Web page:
Do men sweat more than women?
It turns out that you'll get more information about how much a person sweats from knowing the overall size and shape of his or her body, rather than his or her sex, a new small study from Australia finds. People who have larger bodies — whether because they are on the taller side, or on the heavier side — tend to sweat more than those with smaller bodies, the study found.
Sweating is one of the two major ways the body cools itself down, according to the study, published Thursday (Feb. 23) in the journal Experimental Physiology. Sweating cools the body when sweat evaporates from the skin.
The other method the body uses to cool off is increasing the amount of blood flow to the skin, according to the study. When warm blood flows near the surface of the skin, some of the heat can be lost to the air.
Sex "has long been thought to influence sweating and skin blood flow during heat stress," lead study author Sean Notley, who worked on the study as a doctoral student at the University of Wollongong in Australia, said in a statement.
But in the study, the researchers found that the body's main cooling method depends on a person's overall size and shape. Specifically, smaller people, whether male and female, are more dependent on increased skin blood flow for cooling than they are on sweating. In other words, they sweat less.
Thirty-six men and 24 women participated in two experiments in the study. In one of the experiments, the men and women exercised on a stationary bike, at a light intensity, in an 82.4 degree Fahrenheit (28 degrees Celsius) room with 36 percent humidity. In the second experiment, they exercised at a moderate intensity under the same conditions. [The 7 Biggest Mysteries of the Human Body]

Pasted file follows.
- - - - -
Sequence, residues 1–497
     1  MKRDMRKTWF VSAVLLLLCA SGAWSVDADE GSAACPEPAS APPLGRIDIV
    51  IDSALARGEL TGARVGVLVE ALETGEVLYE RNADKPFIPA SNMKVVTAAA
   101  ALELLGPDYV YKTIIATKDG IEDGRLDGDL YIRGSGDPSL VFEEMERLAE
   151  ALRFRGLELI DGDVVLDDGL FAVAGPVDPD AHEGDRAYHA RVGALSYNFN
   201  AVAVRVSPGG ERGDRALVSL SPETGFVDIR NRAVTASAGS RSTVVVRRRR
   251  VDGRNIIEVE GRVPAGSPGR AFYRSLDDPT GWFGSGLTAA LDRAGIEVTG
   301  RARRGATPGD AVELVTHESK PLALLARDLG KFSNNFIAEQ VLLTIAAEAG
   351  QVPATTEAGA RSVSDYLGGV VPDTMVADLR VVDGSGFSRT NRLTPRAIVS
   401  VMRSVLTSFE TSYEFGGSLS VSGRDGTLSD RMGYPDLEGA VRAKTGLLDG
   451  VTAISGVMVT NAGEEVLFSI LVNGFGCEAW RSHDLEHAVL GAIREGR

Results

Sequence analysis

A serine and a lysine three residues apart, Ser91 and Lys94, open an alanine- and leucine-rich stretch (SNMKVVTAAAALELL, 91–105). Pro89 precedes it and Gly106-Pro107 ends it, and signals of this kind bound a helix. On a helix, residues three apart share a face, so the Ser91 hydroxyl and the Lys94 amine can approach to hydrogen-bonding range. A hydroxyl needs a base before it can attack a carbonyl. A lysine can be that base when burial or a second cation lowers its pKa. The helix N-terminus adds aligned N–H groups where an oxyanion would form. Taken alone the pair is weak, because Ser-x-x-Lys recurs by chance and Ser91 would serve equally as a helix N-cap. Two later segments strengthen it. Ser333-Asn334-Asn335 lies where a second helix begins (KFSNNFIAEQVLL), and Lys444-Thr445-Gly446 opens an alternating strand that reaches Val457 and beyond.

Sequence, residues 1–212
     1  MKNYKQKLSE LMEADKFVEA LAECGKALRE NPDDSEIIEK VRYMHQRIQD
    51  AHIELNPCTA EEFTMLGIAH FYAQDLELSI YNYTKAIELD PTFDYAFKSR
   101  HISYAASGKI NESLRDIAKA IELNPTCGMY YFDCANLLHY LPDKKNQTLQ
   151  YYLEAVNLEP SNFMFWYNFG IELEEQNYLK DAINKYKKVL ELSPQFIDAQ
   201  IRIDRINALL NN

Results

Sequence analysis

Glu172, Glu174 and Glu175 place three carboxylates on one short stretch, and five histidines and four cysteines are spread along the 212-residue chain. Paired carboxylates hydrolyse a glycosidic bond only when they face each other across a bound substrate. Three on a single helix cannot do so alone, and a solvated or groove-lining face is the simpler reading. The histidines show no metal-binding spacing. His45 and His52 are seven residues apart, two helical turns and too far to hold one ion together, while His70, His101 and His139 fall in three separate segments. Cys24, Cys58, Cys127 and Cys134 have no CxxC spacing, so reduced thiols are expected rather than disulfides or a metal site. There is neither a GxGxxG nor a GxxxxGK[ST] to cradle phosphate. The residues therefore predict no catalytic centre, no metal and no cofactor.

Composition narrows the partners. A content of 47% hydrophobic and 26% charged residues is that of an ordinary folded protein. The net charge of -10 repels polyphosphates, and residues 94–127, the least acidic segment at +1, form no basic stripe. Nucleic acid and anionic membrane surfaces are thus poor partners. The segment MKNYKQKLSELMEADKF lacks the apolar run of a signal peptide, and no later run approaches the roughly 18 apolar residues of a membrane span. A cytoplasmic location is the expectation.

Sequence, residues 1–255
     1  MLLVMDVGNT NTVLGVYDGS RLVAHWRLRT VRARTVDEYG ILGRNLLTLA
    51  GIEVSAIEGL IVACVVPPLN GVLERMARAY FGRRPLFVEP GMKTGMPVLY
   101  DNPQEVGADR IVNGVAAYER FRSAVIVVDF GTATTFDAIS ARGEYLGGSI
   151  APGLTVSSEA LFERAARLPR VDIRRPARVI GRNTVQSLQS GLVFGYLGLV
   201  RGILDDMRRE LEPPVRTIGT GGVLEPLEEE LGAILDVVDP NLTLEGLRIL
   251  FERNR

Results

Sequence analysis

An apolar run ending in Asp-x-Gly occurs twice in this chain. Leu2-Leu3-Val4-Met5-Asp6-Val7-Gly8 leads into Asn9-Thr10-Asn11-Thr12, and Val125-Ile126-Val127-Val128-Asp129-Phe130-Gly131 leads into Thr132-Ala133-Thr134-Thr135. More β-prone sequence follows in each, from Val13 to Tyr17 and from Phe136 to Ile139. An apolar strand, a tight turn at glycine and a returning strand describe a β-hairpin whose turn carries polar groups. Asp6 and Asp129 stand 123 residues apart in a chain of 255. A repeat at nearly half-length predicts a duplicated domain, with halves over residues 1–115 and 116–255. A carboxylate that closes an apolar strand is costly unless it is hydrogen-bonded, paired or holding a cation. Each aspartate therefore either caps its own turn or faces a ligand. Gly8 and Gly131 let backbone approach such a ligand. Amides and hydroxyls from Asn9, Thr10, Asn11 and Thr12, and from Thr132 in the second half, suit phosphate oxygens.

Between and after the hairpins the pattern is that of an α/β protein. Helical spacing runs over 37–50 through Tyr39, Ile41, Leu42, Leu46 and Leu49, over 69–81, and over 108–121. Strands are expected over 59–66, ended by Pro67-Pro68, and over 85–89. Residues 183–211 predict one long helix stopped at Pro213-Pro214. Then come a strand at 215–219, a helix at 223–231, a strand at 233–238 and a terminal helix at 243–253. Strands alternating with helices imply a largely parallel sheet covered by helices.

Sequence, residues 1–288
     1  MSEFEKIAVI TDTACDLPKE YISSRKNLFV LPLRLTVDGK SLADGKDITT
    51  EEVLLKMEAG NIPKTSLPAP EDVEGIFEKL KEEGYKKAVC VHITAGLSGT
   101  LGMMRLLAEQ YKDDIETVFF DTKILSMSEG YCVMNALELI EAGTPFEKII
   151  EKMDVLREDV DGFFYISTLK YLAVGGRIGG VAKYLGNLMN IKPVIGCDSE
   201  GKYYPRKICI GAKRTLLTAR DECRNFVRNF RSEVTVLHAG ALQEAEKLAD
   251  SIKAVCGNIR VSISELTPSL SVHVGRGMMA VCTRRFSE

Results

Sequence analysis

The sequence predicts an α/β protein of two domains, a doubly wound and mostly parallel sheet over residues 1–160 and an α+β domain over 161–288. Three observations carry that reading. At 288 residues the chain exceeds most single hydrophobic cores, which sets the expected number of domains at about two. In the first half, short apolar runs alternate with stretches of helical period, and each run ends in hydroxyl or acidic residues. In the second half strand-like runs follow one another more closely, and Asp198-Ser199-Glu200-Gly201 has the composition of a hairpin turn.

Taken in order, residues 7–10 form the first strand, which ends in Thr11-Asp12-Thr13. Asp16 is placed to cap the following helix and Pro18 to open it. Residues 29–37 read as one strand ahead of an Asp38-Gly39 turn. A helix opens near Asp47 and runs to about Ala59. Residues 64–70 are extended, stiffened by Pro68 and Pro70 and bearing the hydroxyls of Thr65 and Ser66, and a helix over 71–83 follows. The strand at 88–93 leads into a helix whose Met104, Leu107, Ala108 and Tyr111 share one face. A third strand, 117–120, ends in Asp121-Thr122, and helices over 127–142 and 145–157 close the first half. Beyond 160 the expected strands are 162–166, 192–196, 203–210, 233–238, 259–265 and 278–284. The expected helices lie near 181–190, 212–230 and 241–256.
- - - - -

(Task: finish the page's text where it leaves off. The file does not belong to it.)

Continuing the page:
At this temperature and humidity level, the body is able to successfully cope with the extra body heat produced during exercise, and avoid further rises in body temperature by using the two cooling methods, the researchers said.
During the experiments, the researchers calculated the participants' overall body size by using a ratio of their total body surface to their body weight. They also measured the men and women's body temperatures, skin blood flow and sweat levels.
They found that smaller people — both men and women — were more likely to depend on increased blood flow to the skin to cool down, while larger men and women were more likely to depend on sweating. Men and women with similar surface-area-to-weight ratios — in other words, similar shapes and sizes — used similar cooling methods, they found. In other words, body size and shape played a role, but sex did not.
The researchers noted that the findings help explain why sex is thought to play a role in how much a person sweats: larger individuals sweat more, and men are typically larger than women, they wrote.
Originally published on Live Science.